Los Gatos Mayor Rob Rennie, who had originally been eyeing a county supervisor seat, has now thrown his hat in the ring for State office.
When 28th Assembly District incumbent Mark Stone didn’t do the paperwork to run again by last Friday’s deadline—it triggered a five-day extension for new candidates.
“They give you five days, but two of them are the weekend,” Rob Rennie said Wednesday, after a few frenetic days of signature collection. “You can’t pull papers until day three.”
Rennie had been running to become Santa Clara County’s District 1 supervisor, and had done quite well fundraising, he recalls, only to find the redistricting process left his residence outside its boundaries.
However, the same map-redrawing effort meant Los Gatos was now in the 28th State district. Stone didn’t publicly announce he wouldn’t run, and Rennie only heard the news Saturday.
That day, he talked it over with his team of campaign volunteers and moved forward with a bid to join the Assembly.
Liz Lawler, a City of Monte Sereno councilwoman, is also vying for the same seat, as is former Santa Cruz County Clerk Gail Pellerin.
Rennie says he’s excited about the chance to put ideas forward about matters controlled by Sacramento.
“I’m a problem solver,” he said, pledging he’d approach these issues by asking, “What are the types of problems that we need to solve?”
Top of mind are boosting educational opportunities and preventing wildfire.
“You know, we have a lot of hillsides where fire preparedness and protection is really important,” he said. “You’ve got all these mountains and so forth.”
By today Rennie had his documents in order, so he headed first to San Jose and then to Santa Cruz to make it official.
“When I left they told me everything was okay,” he said. “We got way more signatures than we could turn into them.”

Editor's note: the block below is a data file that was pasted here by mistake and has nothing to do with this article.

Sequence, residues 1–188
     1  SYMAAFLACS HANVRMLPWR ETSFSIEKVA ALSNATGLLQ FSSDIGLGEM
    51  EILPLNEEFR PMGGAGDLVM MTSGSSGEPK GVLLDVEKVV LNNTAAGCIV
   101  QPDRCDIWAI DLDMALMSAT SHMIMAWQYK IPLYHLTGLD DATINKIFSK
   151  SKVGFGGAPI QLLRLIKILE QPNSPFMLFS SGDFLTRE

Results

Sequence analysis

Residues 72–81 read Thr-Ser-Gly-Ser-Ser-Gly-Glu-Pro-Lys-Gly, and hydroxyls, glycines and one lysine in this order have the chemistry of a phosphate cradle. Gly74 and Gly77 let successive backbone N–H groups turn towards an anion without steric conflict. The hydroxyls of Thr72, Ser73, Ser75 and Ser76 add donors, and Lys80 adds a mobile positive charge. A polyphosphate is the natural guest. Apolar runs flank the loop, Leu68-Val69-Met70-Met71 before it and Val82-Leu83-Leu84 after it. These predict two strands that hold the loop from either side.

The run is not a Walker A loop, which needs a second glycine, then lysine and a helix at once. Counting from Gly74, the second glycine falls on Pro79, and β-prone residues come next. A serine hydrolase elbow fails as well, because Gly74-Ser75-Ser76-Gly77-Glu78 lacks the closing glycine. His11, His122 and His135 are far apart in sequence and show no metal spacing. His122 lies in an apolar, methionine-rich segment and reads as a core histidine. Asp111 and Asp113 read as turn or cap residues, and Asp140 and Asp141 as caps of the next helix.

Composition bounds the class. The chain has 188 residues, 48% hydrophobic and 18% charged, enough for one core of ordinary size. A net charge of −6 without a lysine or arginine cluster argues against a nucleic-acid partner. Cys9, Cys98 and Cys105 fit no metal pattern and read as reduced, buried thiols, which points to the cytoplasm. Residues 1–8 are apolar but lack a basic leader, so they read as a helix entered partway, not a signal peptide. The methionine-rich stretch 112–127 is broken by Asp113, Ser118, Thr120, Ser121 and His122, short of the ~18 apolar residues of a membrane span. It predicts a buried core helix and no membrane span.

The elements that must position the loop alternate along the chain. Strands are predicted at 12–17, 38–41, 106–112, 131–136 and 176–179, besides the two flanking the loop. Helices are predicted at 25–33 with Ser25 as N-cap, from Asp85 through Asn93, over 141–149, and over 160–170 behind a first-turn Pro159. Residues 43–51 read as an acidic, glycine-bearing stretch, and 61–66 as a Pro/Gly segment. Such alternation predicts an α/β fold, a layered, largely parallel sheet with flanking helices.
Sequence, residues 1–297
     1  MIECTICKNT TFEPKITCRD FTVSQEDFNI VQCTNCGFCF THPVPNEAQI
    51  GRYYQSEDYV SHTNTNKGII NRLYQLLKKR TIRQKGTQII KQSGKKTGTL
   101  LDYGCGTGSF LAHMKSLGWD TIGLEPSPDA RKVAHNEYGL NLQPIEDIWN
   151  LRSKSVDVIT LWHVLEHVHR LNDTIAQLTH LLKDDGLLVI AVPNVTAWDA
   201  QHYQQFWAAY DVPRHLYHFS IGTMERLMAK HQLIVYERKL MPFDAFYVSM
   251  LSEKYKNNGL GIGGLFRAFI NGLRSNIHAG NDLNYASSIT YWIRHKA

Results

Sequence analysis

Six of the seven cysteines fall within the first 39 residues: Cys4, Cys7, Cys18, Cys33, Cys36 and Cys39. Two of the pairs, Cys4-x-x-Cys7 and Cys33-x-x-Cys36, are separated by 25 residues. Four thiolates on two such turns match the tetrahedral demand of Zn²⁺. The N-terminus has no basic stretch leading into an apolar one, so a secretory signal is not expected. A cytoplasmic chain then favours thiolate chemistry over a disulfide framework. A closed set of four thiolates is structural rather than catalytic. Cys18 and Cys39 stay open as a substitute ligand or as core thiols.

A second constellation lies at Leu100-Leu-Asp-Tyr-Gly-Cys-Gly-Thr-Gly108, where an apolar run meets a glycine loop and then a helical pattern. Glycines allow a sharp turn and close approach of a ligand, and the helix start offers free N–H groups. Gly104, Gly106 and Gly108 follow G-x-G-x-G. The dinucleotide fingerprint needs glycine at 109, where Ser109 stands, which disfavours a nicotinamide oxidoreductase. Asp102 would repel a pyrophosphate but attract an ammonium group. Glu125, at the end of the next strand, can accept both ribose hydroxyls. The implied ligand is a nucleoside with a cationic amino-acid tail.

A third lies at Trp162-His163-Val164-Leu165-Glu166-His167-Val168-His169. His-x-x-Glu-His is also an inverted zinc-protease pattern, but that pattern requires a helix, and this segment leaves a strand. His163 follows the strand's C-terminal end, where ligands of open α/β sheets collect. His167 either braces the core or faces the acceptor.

Rennie has been living in Los Gatos since 1997. He holds a Masters in Engineering from Dartmouth College and worked for decades in the semiconductor and solar industries. He says that taught him plenty about teamwork.
“A lot of the time I was on development teams and we were trying to develop a product,” he said, reflecting on what it was like to work with people with a variety of perspectives. “You pull together different types of engineers.”
He says his professional expertise could be helpful in improving power infrastructure, particularly in an era of climate change.
“There’s a lot of technical change that has to happen on our electrical grid,” he said, bringing up recent bills put forward by senators Dave Cortese and Josh Becker. “I’d be interested in partnering with them on the Assembly side.”
Rennie was elected to Council in 2014 and is now in his second mayoral term. He’s also served on several regional boards and commissions, such as the Silicon Valley Clean Energy Authority, the Valley Transit Authority and the Housing and Community Development Advisory Committee. He’s been a member of the Sierra Club for over 25 years.
But how will he keep his eye on the ball of serving as mayor while seeking a seat in Sacramento?
“I’m not going to have a lot of free time—let’s put it that way,” he said, reiterating his commitment to Los Gatos. “I’m just going to have long days and long weekends.”